Humans Killed Almost Three Million Whales During 20th Century


Stephen Luntz

Stephen has a science degree with a major in physics, an arts degree with majors in English Literature and History and Philosophy of Science and a Graduate Diploma in Science Communication.

Freelance Writer

1251 Humans Killed Almost Three Million Whales During 20th Century
Melissaf84 via Shutterstock. Whales breed so slowly that their numbers are taking a long time to recover.

A paper quantifying 20th century whaling has produced a figure of 2.9 million whales slaughtered, which is substantially higher than previous estimates thanks to more accurate Russian data. The research is more than just a backward look at old horrors as it provides important information about the damage done to the ocean ecosystem by the removal of such great beasts.

Humans have hunted whales for thousands of years, but for most of that time, the numbers killed were small enough that it was just a drop in the ocean. However, the invention of the steam-powered whale catcher in the 1860s changed all that. A paper in Marine Fisheries Review includes a quote from the U.S. Coast Guard in 1938 saying, “One modern factory ship can take more whales in a season than the entire American whaling fleet of 1846 which numbered over 700 vessels.”


Most of the world's whales lived south of the equator and it was only in 1905 that industrial whaling reached the southern seas. From this point, there was no looking back. The paper estimates that more than two-thirds of the whales hunted between 1900 and 1999 were in the Southern Hemisphere.

Credit: Marine Fisheries Review.

As early as the 1920s, the League of Nations called for “urgent international measures” to save whales from extinction, but the effort was as ineffective as the League's attempts to prevent World War II.

“Ultimately whaling was not a sustainable industry,” lead author Robert Rocha Jr. of the New Bedford Whaling Museum told Vocativ. "It’s a good lesson in how not to run a business.” Rocha and his co-authors tracked the number of each species of whale killed by decade as the industry shifted from blue whales to fin to humpbacks and finally minke as each previous species declined to near extinction.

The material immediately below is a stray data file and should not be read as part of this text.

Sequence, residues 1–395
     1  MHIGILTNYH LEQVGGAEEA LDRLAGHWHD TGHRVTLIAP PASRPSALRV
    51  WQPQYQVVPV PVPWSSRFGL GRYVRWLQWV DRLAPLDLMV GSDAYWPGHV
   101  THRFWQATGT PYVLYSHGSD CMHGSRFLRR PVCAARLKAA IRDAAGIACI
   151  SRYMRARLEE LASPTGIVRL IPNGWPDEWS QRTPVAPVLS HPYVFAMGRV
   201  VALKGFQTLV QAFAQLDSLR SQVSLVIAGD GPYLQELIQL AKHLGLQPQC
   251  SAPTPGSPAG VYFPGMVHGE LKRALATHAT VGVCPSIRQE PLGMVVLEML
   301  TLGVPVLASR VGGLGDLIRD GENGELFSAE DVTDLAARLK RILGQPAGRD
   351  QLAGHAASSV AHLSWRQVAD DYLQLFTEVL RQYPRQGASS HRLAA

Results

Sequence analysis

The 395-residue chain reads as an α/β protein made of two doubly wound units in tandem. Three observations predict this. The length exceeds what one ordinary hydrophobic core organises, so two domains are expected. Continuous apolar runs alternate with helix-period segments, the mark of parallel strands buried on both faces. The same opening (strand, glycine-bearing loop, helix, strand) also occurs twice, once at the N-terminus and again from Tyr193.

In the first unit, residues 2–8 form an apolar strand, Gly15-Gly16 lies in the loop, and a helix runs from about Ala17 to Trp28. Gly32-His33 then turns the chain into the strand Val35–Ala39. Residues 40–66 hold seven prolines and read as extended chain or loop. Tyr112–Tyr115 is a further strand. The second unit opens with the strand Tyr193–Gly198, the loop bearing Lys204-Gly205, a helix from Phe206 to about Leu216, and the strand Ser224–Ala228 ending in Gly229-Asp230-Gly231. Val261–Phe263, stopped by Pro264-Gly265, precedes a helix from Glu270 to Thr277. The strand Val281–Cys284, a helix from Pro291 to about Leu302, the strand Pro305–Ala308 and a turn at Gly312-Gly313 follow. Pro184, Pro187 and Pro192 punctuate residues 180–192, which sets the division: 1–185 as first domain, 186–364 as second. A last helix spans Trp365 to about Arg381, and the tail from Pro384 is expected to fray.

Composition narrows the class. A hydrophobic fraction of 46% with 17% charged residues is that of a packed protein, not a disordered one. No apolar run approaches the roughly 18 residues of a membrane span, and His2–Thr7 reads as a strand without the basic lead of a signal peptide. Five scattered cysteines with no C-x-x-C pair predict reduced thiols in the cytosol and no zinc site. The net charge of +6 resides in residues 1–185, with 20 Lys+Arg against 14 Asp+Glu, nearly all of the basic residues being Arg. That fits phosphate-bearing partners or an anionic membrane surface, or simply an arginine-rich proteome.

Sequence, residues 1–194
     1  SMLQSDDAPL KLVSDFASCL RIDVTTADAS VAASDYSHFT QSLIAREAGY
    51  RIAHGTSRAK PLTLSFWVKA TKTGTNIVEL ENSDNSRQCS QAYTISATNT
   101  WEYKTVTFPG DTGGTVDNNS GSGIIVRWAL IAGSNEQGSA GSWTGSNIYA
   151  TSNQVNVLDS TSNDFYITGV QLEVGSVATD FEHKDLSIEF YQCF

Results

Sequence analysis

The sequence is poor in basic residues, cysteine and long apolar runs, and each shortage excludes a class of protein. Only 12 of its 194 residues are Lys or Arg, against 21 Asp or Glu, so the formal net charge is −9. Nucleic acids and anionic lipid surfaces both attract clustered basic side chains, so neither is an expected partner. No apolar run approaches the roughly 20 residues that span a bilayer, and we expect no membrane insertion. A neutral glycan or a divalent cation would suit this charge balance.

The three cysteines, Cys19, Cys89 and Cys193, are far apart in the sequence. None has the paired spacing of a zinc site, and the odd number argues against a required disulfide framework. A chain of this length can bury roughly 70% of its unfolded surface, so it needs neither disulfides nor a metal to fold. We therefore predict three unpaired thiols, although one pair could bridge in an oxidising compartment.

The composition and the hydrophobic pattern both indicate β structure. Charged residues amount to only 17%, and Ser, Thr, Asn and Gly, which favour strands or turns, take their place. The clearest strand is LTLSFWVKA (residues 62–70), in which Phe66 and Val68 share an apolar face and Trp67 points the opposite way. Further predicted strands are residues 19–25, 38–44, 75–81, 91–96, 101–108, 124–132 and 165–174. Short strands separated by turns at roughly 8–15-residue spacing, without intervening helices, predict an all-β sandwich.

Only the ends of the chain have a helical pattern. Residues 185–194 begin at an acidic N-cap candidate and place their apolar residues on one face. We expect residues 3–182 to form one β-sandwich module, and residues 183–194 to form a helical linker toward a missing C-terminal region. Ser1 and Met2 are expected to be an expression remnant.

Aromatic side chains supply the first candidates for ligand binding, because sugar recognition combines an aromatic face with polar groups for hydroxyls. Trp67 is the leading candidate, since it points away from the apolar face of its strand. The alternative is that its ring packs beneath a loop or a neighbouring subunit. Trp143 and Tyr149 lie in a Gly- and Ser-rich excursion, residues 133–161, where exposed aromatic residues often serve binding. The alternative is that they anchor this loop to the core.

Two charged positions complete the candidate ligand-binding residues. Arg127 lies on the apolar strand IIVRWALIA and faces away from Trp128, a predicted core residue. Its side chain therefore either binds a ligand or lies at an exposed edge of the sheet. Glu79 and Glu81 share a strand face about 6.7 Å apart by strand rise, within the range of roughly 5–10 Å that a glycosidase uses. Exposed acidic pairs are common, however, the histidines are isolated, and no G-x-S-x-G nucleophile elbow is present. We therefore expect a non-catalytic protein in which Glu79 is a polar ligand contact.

Today, an estimated 10,000 blue whales survive after the killing of 150,000 in the 1930s alone. Despite the killing of minke whales being more recent, they have recovered to something like their former numbers thanks to a faster breeding cycle than larger cetaceans.

Rocha says the scale of the devastation was hidden because figures from some major whaling countries, principally the Soviet Union, were unreliable. The authors used data from the International Whaling Commission (IWC) combined with declassified reports from individual nations to produce the estimate. They note that, “New information is continually being added to the IWC database” and that these numbers exclude whales that escaped to only die of their injuries later. “When we started adding it all up, it was astonishing,” Rocha told Nature.

Whaling continues, on a much smaller scale, despite the fact that there is an oversupply of whale meat. However, whale watching now represents a far more valuable industry. We also now know that whales fertilize the ocean by eating in iron and nitrogen-rich waters and defacating where the nutrients are scarce. The massive reduction in this function has impoverished fish stocks and may have accelerated global warming.

A better understanding of the number of whales that once inhabited the oceans will help establish how much damage has been done.